Likes: Soft outer fabric, fleece-lined pockets, light weight.

Dislikes: That half-glove, sewn into the jacket’s wrist liner, is designed to anchor the sleeve to your arm and keep water out when reaching overhead. Unlike other jackets, wrist adjustment doesn’t require a two-step operation—tightening an inner wrist cuff, then an outer wrist cuff. Great in theory, and the half gloves do keep the sleeve from riding back, but the hole cutouts for the thumb and fingers aren’t snug enough to keep water out.

Although the size of the side pockets was generous, entry size was not, and with both a Velcro and zipper closure to deal with, they required some contortions to get into. Simple cargo pockets, to our mind, would be a better alternative. Also, the jacket comes with only one reflective patch—on the back—which we think is inadequate.


Gill Coast: This jacket uses Gill’s Two Dot (inshore/coastal) two-layer nylon breathable fabric and includes double-seal cuffs, zipped and fleece-lined outer side pockets, internal zipper pocket, articulated arms, drawstring hem adjustment, and reflective patches on the front placket and hood.

Likes: Fleece-lined pockets to warm hands. The articulated arms permitted plenty of movement.

Dislikes: The zipper is small. It was difficult to snug the hood to the face. The side pockets were too small; larger cargo pockets would be an improvement.


West Marine Explorer: This offshore jacket is suited for hard work in chilly and rough conditions. It includes a rugged coated nylon waterproof/breathable outer fabric, a double storm flap zipper closure, reflective piping and patches on the chest, shoulders and hood (which includes an adjustment at the back to customize fit), four outside pockets (two cargo pockets with side-entry fleece-lined handwarmer pockets), one zippered inside pocket, abrasion patch on the seat of the jacket, non-corroding zipper, and drawstring adjustments at the hemline and waist.

Likes: The heft and durability of this jacket made it seem virtually bullet-proof. A drawstring gaiter on the inside perimeter of the hood can be snugged to the face to keep water out. The zipper, as on all offshore jackets we tested, was hefty and easy to grasp.

Dislikes: Although there are four exterior pockets, the upper two are too small to be very useful. Although not a dislike, we would advise readers to make sure they need a jacket of this heft and protection. It would probably be overkill for casual sailing.


Ronstan Inshore: This snappy-looking jacket (red/navy with white accents) comes with an Air-Tech waterproof/breathable fabric, double storm flap and drainage channel, two outside cargo pockets, and one inside pocket (plus a zippered pocket behind the storm flap).

Foul Weather Jackets

Likes: Multiple reflective patches on the front, shoulders and hood will enhance visibility in MOB situations. Fleece handwarmer sections on the outside of the pockets are quick to access. Generous-sized zipper.

Dislikes: The cargo pockets are small. The outer sleeve had to be pulled up to get to the inner wrist adjustment.


Musto MPX Gore-Tex Coastal: As you’d expect in a jacket costing $395, this one comes with plenty of bells and whistles. Included are a Gore-Tex laminate outer, two fleece-lined cargo pockets, one inside mesh pocket, double storm flap and drainage channel, reflective patches at the chest, shoulders and wrists, and a high-visibility fluorescent mesh-lined hood that requires a tug on only one drawstring to snug it to the face.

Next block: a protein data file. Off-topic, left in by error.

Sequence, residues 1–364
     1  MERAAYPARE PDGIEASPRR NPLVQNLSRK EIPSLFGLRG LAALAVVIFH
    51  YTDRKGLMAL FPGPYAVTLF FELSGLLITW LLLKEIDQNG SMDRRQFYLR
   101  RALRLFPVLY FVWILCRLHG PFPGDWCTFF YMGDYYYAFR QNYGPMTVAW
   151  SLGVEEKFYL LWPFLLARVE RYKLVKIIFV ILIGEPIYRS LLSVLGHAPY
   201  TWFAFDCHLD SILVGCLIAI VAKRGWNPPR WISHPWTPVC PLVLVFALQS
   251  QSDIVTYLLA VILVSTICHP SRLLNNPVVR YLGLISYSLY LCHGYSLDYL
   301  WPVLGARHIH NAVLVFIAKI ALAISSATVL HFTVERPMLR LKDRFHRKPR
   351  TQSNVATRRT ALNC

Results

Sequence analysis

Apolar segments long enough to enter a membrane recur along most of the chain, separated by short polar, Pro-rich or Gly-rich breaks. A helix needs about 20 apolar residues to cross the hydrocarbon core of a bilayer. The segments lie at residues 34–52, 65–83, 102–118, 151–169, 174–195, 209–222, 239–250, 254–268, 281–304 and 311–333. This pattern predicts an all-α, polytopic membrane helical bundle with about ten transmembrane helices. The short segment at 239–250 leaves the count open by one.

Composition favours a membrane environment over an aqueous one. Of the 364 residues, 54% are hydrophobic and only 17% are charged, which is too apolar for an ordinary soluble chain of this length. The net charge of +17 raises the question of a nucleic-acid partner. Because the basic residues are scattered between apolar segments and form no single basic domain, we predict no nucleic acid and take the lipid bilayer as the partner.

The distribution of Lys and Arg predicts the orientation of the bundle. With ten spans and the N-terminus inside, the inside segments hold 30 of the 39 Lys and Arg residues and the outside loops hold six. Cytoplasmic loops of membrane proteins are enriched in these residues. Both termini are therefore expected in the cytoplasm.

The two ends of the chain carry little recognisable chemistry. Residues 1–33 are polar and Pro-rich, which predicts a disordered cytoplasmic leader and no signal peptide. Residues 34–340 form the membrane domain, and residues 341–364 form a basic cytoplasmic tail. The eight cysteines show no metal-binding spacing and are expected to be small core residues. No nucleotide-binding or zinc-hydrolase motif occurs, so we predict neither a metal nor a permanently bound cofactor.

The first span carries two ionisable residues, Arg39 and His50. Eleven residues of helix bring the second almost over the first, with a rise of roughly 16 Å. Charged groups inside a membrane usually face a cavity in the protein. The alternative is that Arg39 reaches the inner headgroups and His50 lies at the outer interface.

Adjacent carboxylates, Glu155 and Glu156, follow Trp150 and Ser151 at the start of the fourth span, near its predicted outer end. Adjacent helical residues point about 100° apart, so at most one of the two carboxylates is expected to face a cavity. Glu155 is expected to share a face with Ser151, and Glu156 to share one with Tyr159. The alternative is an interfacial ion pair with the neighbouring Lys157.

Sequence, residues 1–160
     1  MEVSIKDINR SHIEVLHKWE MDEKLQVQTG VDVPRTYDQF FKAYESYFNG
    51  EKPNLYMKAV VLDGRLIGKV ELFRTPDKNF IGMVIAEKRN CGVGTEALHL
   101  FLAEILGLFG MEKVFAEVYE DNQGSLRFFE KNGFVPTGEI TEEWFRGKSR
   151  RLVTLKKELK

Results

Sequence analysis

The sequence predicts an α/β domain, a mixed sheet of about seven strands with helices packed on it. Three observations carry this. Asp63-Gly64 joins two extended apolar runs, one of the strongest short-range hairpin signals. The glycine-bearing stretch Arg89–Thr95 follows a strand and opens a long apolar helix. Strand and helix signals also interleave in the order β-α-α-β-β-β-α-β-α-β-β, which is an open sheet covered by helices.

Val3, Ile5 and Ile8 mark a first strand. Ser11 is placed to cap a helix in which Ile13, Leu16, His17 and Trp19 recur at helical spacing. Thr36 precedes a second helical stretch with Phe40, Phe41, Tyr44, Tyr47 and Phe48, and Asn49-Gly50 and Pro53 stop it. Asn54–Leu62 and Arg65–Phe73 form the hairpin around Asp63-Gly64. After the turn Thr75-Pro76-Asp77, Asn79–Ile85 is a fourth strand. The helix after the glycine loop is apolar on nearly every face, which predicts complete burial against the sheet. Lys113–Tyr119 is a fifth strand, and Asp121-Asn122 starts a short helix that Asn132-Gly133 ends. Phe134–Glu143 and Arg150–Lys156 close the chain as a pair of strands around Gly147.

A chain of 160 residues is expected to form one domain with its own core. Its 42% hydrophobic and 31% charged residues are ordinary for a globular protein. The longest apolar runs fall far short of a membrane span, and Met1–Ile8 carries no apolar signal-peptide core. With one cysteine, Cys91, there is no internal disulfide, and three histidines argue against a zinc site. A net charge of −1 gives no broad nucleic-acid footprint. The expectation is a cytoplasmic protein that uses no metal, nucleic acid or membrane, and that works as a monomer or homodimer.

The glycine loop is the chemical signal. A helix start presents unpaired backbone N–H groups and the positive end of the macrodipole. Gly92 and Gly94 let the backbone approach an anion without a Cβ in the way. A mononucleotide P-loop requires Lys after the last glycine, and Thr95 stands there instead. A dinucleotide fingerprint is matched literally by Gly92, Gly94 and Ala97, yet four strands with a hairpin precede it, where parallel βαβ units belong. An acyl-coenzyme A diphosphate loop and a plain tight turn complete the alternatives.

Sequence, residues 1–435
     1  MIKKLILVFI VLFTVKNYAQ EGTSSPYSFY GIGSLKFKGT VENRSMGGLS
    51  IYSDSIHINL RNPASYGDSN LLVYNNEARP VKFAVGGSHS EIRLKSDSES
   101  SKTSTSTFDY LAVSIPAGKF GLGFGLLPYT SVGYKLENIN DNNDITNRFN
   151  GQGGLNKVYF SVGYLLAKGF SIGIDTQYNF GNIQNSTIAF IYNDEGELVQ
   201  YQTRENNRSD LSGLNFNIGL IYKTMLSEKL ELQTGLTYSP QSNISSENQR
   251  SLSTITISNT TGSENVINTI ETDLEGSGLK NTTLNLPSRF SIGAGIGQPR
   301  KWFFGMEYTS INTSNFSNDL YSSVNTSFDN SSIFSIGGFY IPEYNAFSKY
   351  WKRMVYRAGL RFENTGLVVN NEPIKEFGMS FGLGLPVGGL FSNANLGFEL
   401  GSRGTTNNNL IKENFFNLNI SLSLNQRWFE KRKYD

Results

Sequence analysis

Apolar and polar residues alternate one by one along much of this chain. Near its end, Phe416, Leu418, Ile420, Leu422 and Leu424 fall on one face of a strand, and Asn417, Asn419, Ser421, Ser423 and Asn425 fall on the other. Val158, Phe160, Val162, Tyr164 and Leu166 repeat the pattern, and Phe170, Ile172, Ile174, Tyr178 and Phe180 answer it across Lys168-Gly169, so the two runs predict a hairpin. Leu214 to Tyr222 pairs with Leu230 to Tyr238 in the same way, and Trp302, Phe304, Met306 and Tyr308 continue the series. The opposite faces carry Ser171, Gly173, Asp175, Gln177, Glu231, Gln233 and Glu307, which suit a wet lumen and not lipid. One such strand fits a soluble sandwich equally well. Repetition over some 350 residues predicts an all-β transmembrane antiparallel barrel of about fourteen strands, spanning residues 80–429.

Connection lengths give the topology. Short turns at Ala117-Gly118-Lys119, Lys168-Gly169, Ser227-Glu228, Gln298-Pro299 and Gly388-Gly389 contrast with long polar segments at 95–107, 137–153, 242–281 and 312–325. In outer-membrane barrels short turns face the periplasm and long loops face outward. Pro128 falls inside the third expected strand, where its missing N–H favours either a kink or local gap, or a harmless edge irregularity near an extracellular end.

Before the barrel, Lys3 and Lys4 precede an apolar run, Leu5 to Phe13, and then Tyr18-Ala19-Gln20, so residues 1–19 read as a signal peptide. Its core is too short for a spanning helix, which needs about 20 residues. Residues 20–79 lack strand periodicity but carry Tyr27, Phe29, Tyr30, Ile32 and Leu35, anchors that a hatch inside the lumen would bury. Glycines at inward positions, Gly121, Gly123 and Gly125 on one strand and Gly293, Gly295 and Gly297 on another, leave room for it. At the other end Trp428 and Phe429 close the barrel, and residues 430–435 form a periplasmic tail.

Likes: Drawstring adjusters at the hood and collar were a snap to use. The hood conforms to the head well and, like some others, includes a Velcro-strip adjustment at the back to further customize fit. Generous-sized zipper.

Dislikes: Like the Ronstan, it was necessary to hike the sleeve up to get to the inner wrist adjustment. Other than that—and the price—we found very little not to like.


Henri Lloyd Rapid Coastal: Lots of goodies in this jacket. To name a few: TP2000 waterproof/breathable fabric, multi-adjustable fluorescent hood, face-protection collar, two cargo pockets with exterior fleece handwarmer pockets, one inside pocket, reflective patches at the hood and shoulders, and drawstring adjustments at waist, hood and collar.

Likes: The hood-and-collar system is downright ingenious. The hood includes multiple drawstring adjusters, positioned in the right place for easy access to customize fit and allow the hood to move with your head. Drainage channels are built into the hood’s peak to allow water runoff. The inside of the hood includes a gaiter that snugs to your face to keep the elements out. The collar includes a Velcro-attached polyurethane chin flap that can be pulled over your lower face for protection and warmth. The zipper, generous in size, was somewhat shorter than others tested, which made it easier to engage without the need to bend over.

Dislikes: The jacket could use more pockets.


BoatU.S. Hurricane: You want pockets? This offshore jacket has six of them—four cargo pockets outside (with side-entry fleece handwarmer slots) and two zip pockets inside. There’s also a fleece-lined fluorescent hood, abrasion patches at the elbows, reflective patches at the shoulders, wrists, hood, and chest (plus reflective piping on the chest), a high nylon collar (with protective chin flap), zippered under-arm vents, drawstring adjustments at the hood, collar, bottom and waist, and a double storm flap over the zipper.

Likes: This jacket delivers a lot for the money, with more features than most.